10 hence the odds is 7 to 3. B, therefore, lays A 7 to 3 that he does not name both winners, and then hedges as follows:-As 31. is the sum to which he has staked his 71., he lays that sum even, that A wins ; and on the other event he lays 6 to 4, (the odds in the example,) the same way. Now A wins both, and receives of B 71. ; but B wins 31. on the former by hedging, and 41. on the latter, which is equal to what he has lost to A. It is here obvious, that had B, in hedging, been enabled to have made better bets—for instance, could he have done better than by taking an even 31. on the first event, and had greater odds than 6 to 4 on the latter, he might have won, but could not have lost.

On the same two events, what odds may B lay A that the latter does not lose both ? Set down for the former 1, and the latter will now be to; but is equal to ; therefore, it will be

1 2 2

; and 10 - 2–8:

2 5 10 hence the odds is 8 to 2 = 4 to 1.



We now dismiss this subject, with no probability of our ever returning to it. Although the perusal of Xenophon might have made Scipio a hero, we have not the slightest intention of manufacturing jockeys by any effort of our pen; and yet we wish we had touched on these matters sooner. But why so? Is it that we would rather have been Livy, to have written on the grandeur of Rome, than Tacitus, on its ill-fated decline ? It may be so ; for we are loth to chronicle, in any department, our country's dispraise; but we are not without the reflection, that we might have done something towards preventing the evils we have had to deplore, by exposing the manner in which they have accumulated and thriven. That there are objections to racing, we do not deny, as, indeed, there are to most of the sports which have been invented for the amusement of mankind, and few of which can gratify pure benevolence; but when honourably conducted, we consider the turf as not more objectionable than most others, and it has one advantage over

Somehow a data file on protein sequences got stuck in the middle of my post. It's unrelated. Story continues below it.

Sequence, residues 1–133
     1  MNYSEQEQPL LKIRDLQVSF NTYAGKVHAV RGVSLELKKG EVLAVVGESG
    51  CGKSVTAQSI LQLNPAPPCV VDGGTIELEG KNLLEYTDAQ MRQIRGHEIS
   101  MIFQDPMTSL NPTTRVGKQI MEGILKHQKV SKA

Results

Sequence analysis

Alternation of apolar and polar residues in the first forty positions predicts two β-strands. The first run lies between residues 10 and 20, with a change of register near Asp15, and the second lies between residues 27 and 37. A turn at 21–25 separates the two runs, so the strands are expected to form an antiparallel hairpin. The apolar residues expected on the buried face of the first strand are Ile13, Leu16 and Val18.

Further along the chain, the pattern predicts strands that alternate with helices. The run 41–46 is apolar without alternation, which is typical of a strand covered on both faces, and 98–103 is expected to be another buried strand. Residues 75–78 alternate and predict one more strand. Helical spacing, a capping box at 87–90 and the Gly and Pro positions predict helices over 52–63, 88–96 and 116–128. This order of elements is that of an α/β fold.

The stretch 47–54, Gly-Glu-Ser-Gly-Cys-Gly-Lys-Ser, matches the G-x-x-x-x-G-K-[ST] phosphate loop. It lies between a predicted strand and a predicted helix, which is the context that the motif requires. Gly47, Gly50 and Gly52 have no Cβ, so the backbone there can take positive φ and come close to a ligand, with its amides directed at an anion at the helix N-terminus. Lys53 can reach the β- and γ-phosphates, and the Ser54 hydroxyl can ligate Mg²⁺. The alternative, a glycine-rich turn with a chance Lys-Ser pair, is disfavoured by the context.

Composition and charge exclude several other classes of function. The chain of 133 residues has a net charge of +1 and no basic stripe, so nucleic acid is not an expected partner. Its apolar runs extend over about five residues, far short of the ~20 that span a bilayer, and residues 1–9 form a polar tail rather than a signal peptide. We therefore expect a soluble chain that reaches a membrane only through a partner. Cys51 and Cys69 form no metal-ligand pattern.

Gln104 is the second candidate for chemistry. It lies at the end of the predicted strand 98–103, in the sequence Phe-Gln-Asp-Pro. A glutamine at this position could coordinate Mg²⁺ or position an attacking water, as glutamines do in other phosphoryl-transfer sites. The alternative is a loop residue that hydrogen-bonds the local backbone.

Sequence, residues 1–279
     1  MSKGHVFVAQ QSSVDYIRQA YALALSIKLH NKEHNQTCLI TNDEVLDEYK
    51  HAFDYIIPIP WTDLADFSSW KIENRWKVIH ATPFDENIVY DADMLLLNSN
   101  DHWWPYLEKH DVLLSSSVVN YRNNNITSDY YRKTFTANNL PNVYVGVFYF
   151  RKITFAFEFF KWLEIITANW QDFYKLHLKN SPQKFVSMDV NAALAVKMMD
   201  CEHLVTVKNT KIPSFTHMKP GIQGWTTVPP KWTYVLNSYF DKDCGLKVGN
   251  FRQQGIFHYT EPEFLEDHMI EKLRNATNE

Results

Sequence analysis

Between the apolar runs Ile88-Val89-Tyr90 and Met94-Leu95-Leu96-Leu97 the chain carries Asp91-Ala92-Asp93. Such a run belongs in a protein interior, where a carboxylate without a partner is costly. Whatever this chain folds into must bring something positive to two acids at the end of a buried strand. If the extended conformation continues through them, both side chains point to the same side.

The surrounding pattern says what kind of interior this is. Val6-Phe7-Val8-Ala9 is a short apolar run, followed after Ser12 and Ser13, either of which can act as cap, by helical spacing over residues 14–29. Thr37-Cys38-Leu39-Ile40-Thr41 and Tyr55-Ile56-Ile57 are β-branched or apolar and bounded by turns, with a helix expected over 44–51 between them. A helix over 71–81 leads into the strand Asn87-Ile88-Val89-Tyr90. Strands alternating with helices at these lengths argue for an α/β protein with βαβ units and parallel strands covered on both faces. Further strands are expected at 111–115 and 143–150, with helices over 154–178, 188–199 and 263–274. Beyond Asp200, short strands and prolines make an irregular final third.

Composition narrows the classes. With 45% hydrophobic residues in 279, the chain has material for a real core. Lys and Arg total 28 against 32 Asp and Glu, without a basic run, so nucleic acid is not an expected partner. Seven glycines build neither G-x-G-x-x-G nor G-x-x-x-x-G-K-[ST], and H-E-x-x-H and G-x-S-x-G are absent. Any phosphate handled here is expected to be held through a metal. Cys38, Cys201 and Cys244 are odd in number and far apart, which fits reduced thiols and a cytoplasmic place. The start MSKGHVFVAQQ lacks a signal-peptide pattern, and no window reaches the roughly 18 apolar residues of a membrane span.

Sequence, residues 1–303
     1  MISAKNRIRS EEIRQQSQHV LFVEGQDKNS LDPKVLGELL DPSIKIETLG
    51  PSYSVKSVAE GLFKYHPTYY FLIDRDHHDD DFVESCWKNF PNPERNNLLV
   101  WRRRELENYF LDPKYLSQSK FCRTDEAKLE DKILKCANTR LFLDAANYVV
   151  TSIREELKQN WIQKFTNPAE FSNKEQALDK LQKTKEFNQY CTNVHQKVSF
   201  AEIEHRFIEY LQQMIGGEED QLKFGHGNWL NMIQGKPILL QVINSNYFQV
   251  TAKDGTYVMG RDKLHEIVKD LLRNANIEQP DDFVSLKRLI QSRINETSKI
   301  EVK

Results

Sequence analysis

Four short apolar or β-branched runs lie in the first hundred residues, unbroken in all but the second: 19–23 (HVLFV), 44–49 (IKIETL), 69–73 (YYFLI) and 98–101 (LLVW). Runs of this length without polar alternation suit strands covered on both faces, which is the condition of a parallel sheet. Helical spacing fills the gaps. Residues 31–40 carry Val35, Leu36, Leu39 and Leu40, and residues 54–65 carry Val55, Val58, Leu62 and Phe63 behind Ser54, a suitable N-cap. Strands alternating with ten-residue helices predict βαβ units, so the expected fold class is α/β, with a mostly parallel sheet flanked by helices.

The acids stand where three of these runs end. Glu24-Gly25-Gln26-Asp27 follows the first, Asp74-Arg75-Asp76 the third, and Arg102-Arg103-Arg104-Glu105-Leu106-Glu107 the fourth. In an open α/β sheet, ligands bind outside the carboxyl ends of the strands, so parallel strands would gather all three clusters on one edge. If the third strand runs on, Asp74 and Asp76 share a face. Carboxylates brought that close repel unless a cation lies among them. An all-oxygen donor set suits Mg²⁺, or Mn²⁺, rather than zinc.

Proof by hedging-B begins to hedge, by betting an even ll. on the first event, which A winning, he wins. On the subsequent event, B takes the odds, 3 to 2, which A winning, he also wins. Thus he receives 41., which pays the 4 to 1 he betted on A, losing both events.

Upon two several events, even betting on the one, and 7 to 4 in favour of A on the other; what odds may B lay against A winning both ? The one, as before, is $, and the other is represented by ý:

7 7 Then

; and 22 - 7 = 15:

2 11 22 thus 15 to 7 is the odds.

Proof by hedging—The sum against which B laid his odds is 7; therefore he begins by laying 71. on the first event; which, as A wins, he wins. On the next event, he lays 14 to 8, or twice 7 to twice 4, as per terms of question, which he also wins; making together 7 and 8 = 15, the odds he had laid with, and lost to A.

Upon the same two events, what odds may B bet A, that the latter does not lose both? Set down for the former &, for the latter i ;



; and 22 - 4318:

11 22 therefore, 18 to 4 = 9 to 2 is the odds.